British government trying to obscure role in conflict - Kearney
Sinn Féin National Chairperson Declan Kearney has described James Brokenshire's remarks on the 45th anniversary of Bloody Sunday as offensive and despicable.
Mr Kearney said:
"This week the British Government has intensified its public opposition to properly dealing with the past.
"During interviews on BBC and RTE radio earlier this week James Brokenshire attempted to move the goal posts again on the legacy issue.
“Today James Brokenshire once more sought to justify the impunity conferred on state forces during the conflict.
"It is both offensive and despicable that he chose the anniversary of Bloody Sunday to do so.
"The British government is desperately trying to write itself out of its responsibility for the conflict, and to obscure its central role in the conflict.
"British forces were directly involved in state sponsored killings and also in a campaign of systemic collusion and state-sanctioned executions through surrogate unionist death squads. There was nothing proportionate about their actions.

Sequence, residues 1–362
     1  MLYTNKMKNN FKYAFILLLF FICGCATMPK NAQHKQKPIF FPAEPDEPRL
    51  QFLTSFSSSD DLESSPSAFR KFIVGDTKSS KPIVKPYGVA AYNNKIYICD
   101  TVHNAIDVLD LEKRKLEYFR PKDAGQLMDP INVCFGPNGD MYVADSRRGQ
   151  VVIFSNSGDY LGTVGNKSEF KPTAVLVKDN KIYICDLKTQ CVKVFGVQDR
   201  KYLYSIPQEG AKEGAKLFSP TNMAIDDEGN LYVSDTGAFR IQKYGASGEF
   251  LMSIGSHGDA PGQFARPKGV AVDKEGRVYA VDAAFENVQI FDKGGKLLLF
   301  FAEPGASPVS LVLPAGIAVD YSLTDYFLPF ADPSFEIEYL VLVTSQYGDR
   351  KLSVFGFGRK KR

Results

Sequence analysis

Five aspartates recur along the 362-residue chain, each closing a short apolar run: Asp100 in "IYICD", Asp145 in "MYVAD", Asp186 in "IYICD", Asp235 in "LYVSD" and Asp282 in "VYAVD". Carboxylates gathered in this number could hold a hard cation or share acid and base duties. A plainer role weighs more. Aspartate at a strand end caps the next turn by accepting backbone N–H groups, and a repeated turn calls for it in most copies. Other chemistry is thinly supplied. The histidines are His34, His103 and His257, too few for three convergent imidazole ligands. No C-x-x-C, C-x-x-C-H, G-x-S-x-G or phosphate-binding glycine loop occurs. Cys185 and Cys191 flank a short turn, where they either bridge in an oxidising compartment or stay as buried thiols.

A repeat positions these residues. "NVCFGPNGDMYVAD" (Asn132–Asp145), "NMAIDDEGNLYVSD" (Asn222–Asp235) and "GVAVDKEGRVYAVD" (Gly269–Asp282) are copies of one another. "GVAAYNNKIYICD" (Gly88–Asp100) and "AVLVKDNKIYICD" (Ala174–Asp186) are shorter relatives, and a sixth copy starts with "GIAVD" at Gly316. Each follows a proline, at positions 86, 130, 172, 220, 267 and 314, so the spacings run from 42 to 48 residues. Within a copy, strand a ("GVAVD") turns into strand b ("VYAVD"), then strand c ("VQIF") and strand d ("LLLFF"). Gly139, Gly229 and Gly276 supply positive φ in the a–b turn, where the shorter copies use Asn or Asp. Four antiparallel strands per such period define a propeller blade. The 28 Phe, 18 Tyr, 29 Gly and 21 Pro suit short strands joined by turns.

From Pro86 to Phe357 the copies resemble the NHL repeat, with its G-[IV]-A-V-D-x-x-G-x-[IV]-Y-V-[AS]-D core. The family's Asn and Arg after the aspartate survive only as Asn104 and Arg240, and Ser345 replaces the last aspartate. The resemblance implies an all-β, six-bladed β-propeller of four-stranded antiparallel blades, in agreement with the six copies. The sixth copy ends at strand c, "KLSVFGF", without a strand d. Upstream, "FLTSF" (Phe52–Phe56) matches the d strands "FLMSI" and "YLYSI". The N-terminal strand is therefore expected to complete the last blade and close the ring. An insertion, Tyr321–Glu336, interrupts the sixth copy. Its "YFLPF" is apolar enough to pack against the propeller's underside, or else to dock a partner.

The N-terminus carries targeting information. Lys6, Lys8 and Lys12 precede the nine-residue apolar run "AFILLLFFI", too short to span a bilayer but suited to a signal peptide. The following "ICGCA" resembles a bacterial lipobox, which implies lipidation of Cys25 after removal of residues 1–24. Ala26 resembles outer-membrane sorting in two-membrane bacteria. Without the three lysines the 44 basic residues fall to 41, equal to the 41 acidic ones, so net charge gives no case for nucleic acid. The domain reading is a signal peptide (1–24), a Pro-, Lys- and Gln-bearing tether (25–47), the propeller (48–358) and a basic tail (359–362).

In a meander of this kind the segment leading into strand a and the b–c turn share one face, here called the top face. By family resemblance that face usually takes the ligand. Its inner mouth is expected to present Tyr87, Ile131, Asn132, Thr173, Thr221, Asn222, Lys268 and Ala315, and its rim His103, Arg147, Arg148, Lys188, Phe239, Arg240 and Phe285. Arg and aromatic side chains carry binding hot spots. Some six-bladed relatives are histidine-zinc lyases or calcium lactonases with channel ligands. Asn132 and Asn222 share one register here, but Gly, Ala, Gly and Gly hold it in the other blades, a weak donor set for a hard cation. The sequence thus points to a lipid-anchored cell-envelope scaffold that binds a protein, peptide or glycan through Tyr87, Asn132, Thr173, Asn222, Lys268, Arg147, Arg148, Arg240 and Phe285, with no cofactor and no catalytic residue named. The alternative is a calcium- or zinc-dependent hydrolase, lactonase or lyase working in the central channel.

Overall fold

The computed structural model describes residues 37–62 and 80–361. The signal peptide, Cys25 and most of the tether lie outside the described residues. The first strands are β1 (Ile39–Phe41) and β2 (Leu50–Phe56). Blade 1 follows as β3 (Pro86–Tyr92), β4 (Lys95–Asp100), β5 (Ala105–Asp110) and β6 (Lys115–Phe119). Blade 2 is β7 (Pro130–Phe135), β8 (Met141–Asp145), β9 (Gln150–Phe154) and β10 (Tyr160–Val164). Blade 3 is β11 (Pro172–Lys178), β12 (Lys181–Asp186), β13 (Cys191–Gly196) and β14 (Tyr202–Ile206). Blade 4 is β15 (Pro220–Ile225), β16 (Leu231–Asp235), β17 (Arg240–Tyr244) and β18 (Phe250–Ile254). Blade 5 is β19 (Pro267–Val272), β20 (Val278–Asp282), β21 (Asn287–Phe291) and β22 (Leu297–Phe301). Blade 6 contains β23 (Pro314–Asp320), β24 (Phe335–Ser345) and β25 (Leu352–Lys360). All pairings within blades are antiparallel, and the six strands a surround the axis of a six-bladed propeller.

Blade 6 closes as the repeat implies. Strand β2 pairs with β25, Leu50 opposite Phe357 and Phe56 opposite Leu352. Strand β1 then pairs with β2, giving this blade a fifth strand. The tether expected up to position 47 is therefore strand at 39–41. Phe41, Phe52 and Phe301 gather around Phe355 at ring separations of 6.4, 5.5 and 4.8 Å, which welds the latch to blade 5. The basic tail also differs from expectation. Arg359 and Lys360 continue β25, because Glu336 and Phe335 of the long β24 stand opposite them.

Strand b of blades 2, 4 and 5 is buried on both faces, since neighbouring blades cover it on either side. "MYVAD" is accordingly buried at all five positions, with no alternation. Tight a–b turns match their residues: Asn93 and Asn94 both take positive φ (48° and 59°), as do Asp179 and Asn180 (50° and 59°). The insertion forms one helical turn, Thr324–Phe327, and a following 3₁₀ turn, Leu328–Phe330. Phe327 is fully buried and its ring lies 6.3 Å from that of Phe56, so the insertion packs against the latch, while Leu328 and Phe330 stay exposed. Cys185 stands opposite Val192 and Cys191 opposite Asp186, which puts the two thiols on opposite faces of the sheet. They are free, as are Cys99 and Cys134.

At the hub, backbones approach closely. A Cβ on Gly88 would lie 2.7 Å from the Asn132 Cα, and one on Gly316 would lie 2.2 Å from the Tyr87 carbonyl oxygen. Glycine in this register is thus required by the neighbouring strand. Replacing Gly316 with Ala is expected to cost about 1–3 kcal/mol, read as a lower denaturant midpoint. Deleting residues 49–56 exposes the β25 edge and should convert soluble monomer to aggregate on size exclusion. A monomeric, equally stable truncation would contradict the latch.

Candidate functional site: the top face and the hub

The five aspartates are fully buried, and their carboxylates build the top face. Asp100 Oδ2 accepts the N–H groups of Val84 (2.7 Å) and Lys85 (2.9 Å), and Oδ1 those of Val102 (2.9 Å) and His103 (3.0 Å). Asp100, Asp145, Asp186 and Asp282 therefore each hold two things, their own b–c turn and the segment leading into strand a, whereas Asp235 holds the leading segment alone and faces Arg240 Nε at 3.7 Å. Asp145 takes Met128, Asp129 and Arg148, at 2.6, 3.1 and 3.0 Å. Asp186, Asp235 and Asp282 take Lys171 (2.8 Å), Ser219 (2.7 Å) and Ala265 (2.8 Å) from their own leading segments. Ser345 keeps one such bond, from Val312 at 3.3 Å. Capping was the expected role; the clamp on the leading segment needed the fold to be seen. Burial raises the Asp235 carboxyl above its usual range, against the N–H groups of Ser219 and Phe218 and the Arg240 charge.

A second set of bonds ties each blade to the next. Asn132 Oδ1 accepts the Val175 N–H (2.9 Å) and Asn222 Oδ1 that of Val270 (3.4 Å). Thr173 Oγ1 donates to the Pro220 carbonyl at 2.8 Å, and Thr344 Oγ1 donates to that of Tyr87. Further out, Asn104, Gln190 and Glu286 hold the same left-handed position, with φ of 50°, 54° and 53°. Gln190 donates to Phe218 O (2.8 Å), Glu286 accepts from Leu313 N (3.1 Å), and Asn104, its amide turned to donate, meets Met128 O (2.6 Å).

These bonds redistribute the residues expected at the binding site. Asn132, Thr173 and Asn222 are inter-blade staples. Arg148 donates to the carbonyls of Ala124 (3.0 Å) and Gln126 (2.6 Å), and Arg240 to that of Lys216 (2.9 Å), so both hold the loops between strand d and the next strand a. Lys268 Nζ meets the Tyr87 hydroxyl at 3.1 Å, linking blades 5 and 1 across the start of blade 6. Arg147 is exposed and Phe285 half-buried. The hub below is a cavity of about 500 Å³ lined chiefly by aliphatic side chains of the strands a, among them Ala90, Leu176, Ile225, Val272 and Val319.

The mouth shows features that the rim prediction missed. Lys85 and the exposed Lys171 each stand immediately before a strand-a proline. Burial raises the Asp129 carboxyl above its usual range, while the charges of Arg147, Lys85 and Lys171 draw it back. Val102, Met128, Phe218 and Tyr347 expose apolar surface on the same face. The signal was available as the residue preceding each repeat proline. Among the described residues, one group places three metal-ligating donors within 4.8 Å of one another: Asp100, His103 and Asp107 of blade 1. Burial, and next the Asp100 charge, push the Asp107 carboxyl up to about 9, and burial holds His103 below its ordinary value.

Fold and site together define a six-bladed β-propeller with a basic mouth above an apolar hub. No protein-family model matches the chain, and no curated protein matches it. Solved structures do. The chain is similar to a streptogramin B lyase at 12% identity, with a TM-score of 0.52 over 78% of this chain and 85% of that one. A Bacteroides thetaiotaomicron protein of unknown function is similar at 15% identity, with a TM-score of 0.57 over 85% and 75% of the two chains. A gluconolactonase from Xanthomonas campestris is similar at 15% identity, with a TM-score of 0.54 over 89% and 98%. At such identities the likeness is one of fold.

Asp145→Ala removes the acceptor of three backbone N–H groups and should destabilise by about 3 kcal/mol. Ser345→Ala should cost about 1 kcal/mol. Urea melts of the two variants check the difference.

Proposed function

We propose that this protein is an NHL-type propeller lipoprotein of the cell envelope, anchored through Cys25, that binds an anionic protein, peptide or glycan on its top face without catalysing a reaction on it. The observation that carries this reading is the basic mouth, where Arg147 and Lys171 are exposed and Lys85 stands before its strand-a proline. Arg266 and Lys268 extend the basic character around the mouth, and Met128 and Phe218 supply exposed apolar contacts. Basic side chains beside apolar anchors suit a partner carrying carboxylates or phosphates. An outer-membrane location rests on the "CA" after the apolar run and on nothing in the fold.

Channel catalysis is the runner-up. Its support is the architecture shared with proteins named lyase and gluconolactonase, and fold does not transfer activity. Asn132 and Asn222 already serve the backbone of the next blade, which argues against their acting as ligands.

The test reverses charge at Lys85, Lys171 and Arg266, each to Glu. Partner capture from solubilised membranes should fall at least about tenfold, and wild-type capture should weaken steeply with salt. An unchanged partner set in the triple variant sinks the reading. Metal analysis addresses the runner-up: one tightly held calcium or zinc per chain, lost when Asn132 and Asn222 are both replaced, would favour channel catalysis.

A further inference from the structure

"This British government is not neutral. James Brokenshire is not an independent referee. The single unionist narrative he is promoting in association with the DUP has no credibility.
"British policy perpetuated the conflict and it is now a major part of the current crisis. Rather than defending and protecting British military forces, James Brokenshire should release the funds for legacy inquests, lift the British government veto on maximum information disclosure, and allow the legacy mechanisms to be established immediately."